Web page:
Ayomi Perera


NICEwebsite AyomiOffice: Roberts Engineering Building 203, UCL

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Phone: +44 (0)20 7679 0663

Education:

PhD, Chemistry, Kansas State University, Manhattan, KS, USA

Bsc, Chemistry, The Open University of Sri Lanka, Colombo, Sri Lanka

Research Statement

My contribution to the Centre for Nature Inspired Engineering is in the development of a new class of bio-inspired, “agent-based” materials, capable of self-organizing into dynamic systems, to be utilized as nano-catalysts, drug-carriers and self-healing materials for industrial or medicinal use, among other things. The concept of these “agents” is inspired by mechanisms of growth and replication of bacterial colonies, to form fractal aggregates that function collectively in a dynamic, efficient manner.  We aim to not simply mimic these natural agents, but to utilize their remarkable features and mechanisms, to develop a synthetic system, capable of surpassing the existing technology, in self-organization and self-healing ability. One of our research goals is to develop a system, which is not only attractive as a mere scientific concept, but one which can be converted to practical applications. Hence properties such as robust nous, mechanical strength and durability are significant in the proposed agents, apart from dynamic self-organization. There-in lays the challenge, as well as the fascination, of this research.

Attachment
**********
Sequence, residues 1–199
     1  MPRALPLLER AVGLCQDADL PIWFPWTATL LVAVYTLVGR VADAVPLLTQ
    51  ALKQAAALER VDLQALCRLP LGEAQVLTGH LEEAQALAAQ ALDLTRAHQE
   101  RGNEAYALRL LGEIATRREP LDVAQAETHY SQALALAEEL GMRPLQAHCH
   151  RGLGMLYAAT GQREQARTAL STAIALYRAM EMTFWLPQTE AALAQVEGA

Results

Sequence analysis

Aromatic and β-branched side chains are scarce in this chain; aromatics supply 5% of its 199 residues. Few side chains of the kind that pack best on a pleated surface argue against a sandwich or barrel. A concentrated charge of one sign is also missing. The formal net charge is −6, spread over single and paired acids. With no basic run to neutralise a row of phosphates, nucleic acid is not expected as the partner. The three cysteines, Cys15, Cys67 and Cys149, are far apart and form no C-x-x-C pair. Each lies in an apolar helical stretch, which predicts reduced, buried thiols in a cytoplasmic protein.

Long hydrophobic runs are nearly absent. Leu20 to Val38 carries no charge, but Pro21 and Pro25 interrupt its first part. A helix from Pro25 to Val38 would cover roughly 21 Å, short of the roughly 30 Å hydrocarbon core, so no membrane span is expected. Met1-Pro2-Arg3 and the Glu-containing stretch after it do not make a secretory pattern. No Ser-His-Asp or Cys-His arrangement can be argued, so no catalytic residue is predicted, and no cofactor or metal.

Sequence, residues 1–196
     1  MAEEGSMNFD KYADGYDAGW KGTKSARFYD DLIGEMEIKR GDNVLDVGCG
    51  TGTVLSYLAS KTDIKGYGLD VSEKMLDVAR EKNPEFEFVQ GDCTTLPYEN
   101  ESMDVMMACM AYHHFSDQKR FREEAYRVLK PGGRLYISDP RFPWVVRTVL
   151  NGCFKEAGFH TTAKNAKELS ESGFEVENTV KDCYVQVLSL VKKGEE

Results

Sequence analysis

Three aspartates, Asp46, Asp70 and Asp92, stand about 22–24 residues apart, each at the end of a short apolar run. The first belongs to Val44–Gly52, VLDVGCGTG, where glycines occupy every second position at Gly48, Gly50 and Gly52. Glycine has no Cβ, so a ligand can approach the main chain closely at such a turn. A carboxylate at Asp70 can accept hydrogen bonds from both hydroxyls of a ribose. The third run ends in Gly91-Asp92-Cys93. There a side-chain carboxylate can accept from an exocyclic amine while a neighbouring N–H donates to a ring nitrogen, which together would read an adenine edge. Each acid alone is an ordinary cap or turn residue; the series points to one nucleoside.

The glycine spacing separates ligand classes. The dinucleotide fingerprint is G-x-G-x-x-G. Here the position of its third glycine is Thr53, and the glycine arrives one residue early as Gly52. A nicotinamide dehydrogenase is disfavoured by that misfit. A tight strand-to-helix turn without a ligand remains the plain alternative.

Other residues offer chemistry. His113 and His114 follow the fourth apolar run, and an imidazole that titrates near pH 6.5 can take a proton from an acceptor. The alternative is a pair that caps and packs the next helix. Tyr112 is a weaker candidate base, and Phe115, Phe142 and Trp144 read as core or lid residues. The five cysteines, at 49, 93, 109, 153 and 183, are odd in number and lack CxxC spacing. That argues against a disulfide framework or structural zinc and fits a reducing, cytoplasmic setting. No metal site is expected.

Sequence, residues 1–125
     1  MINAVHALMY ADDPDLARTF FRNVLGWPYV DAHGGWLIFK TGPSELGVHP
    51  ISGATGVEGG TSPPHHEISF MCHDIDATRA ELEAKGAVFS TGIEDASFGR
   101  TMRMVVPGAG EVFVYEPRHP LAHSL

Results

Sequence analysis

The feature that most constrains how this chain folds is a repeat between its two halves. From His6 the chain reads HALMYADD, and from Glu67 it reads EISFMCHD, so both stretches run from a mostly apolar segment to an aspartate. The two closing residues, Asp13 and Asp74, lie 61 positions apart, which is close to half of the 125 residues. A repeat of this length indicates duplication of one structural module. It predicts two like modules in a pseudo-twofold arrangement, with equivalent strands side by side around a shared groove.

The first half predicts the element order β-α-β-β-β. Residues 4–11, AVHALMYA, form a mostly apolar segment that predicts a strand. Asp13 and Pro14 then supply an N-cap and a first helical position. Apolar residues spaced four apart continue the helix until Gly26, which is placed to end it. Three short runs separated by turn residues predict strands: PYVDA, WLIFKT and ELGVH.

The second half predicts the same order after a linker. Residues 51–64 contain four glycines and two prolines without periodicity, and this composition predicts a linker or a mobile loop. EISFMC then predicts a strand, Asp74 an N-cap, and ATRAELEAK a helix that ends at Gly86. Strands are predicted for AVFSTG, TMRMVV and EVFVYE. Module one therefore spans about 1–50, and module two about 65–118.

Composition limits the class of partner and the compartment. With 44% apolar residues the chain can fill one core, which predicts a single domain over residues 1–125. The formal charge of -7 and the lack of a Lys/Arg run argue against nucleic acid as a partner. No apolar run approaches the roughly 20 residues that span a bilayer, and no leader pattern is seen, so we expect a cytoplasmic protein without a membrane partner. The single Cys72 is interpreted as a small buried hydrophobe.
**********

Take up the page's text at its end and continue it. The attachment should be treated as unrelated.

My PhD research experience includes extraction, characterization and probing scopes of applications of the Mycobacterial channel protein “MspA”, which is one of the most stable porins known to date. MspA is capable of self-organizing into solid supports such as mica, form channels in lipid bilayers and form vesicles in water. I have studied mechanisms of self-organization of MspA aggregates in various aqueous solutions and its’ variations against temperature, concentration and presence of organo-metallic complexes. I was also involved in fabrication of a “hybrid soft-cell”, which successfully incorporates a protein component to conduct current, in a dye-sensitized solar cell prototype, for the first time. I am also experienced in use of liposomes and protein vesicles as drug-delivery vehicles for treatment and detection of cancer.

My previous postdoctoral research, conducted at Kansas State University, includes developing a novel nano-catalyst from acid-functionalized, iron/iron oxide core-shell nanoparticles as a catalyst for cellulose dehydration. This research aimed at developing a selective, industrial scale catalyst for glucose production from plant matter, which in turn would be utilized as a source for bio fuel.

Self Assembly